An Electrifying Proposition: Bringing the Heat to the Energy Transition Weinhold’s Power Lines

Weinhold’s Power Lines
An Electrifying Proposition:
Bringing the Heat
to the Energy Transition
For countless millennia, the experience of gathering
around a fire has been an essential element of communal life for homo sapiens. Burning logs, brush, or
peat as a source of light and heat is part of what sets us
apart from animals. Even today, oil and gas used for
heating and cooling account for the lion’s share of energy consumption. In my home country of Germany, for
example, room heating accounts for a remarkable 30 percent of energy end usage − in private homes, that figure
may be up to 80 percent, depending on insulation quality.
In warmer climates, air-conditioning systems are also
huge factors for energy use. Looking at recent technology
and market developments, I am convinced much more of
this could and will be covered by electricity instead of fossil fuels.
As more and more intermittent renewable power, especially wind and photovoltaic power plants, are installed,
the increasing mismatch of supply and demand must be
solved by firstly reinforcing the electricity grids (transmission and distribution!), and secondly by ramping up
demand-side management. The use of electricity for heating and cooling would create substantial additional dispatchable loads with relatively low storage cost. France,
for example, already has about 6 gigawatts of dispatchable hot water electric boiler loads installed in households and is therefore well prepared for an increasing
share of intermittent power production.
We need to consider that much of the infrastructure is already in place: District heating networks are widespread
in northern countries (e.g., in Germany, every city has
one), and many cities are currently building huge hot-
52 Living Energy · No. 8 | July 2013
water tanks that they can fill up and discharge depending
on optimal operation of their combined heat and power
plant or directly via electric heaters, depending on electricity market price.
Utilities are also increasingly installing direct electric
heaters in the multimegawatt range, which could help to
mobilize the potential outlined above. But to reach those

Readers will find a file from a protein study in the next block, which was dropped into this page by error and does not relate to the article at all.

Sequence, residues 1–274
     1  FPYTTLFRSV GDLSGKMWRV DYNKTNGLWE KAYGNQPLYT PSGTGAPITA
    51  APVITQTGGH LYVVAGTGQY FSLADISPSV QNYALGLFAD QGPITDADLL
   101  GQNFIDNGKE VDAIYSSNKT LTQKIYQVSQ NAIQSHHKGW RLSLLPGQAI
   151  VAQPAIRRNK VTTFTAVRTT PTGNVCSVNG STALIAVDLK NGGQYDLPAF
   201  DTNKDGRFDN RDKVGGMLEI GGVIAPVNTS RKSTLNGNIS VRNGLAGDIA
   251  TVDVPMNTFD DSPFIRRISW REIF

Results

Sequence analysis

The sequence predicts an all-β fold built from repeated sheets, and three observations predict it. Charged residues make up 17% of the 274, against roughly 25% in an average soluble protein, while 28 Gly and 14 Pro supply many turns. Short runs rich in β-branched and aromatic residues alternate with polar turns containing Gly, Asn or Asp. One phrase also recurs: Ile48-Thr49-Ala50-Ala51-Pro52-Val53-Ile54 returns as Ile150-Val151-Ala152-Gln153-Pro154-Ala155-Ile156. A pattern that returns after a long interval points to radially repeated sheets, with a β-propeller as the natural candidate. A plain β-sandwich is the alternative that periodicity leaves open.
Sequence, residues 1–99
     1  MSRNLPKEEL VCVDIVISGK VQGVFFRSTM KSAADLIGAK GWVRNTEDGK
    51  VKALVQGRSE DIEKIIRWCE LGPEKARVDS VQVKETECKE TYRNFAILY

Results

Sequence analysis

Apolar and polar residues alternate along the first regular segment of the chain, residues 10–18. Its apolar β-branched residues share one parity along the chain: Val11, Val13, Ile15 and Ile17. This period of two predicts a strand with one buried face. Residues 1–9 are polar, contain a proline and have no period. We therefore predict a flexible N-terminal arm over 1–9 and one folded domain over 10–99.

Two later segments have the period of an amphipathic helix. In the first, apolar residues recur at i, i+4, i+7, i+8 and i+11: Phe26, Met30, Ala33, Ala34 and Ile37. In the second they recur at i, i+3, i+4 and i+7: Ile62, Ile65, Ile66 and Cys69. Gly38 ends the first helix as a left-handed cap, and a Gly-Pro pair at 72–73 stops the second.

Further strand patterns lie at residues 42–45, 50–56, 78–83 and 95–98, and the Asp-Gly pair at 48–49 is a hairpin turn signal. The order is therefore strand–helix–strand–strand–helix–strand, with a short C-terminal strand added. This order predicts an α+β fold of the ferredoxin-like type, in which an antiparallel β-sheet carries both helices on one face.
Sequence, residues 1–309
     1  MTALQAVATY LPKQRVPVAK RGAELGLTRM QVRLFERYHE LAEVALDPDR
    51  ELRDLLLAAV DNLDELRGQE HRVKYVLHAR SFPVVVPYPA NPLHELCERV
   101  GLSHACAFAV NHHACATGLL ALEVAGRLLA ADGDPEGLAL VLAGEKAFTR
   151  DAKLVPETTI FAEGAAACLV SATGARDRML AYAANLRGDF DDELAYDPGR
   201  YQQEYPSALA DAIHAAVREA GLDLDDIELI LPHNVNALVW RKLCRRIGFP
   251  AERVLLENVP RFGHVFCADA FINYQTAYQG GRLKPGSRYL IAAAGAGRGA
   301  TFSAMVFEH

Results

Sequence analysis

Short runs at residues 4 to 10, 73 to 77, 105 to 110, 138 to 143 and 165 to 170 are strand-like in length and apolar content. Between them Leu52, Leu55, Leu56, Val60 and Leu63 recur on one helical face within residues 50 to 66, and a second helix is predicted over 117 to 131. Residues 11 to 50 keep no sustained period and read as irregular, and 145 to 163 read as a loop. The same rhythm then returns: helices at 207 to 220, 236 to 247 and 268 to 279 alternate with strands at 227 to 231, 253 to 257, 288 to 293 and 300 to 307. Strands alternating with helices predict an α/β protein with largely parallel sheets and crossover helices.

heaters, the electricity grids must first be reinforced.
For private residents looking to renovate their houses,
there are now a variety of technical electricity-based alternatives such as heat pumps, or innovative solutions such
as wall tiles for heating and sensors that detect the residents’ movements and regulate temperatures locally rather than heating or cooling entire building spaces. Older
technologies such as resistive heaters, which are currently being phased out, may also gain new attractiveness.
The bottom line is that there are several smart ways of
using excess electricity. Together with stronger grids,
heat loads can help avoid power wastage while decarbonizing the heating sector. Fossil fuels can thus be shifted
to where they are used most efficiently – in highly efficient central power plants. On the macroeconomic scale,
the combination of decoupling and dispatchability serves
to hedge supply risks while increasing energy independence.
Yes, it is true that local climatic conditions vary, as do
building standards; but around the globe, it is possible to
raise living standards through electrification as a way of
integrating the ramp-up of volatile, nondispatchable renewable energy. Who will be the first to grasp this huge
business potential? p
Illustrations: Elisabeth Moch, Michael Weinhold
Michael Weinhold,
Siemens Energy’s
Chief Technology Officer
From Michael Weinhold’s
notebook: Using available infrastructures, such
as district heating, coupled with stronger grids,
the electrification of
heating and cooling can
enhance fuel efficiency
while decarbonizing
the heating sector.
Living Energy · No. 8 | July 2013